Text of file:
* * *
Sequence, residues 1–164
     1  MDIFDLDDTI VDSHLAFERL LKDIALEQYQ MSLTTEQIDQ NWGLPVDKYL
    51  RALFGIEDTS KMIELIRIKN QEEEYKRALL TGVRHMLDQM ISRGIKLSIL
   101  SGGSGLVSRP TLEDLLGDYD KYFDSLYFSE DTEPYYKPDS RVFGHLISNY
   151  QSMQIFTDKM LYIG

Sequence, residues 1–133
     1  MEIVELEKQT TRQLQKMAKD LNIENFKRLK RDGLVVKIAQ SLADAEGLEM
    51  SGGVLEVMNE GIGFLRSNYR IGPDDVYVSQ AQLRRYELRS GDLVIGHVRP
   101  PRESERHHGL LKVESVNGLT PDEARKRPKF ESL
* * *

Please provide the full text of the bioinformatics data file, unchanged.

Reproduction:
Sequence, residues 1–164
     1  MDIFDLDDTI VDSHLAFERL LKDIALEQYQ MSLTTEQIDQ NWGLPVDKYL
    51  RALFGIEDTS KMIELIRIKN QEEEYKRALL TGVRHMLDQM ISRGIKLSIL
   101  SGGSGLVSRP TLEDLLGDYD KYFDSLYFSE DTEPYYKPDS RVFGHLISNY
   151  QSMQIFTDKM LYIG

Sequence, residues 1–133
     1  MEIVELEKQT TRQLQKMAKD LNIENFKRLK RDGLVVKIAQ SLADAEGLEM
    51  SGGVLEVMNE GIGFLRSNYR IGPDDVYVSQ AQLRRYELRS GDLVIGHVRP
   101  PRESERHHGL LKVESVNGLT PDEARKRPKF ESL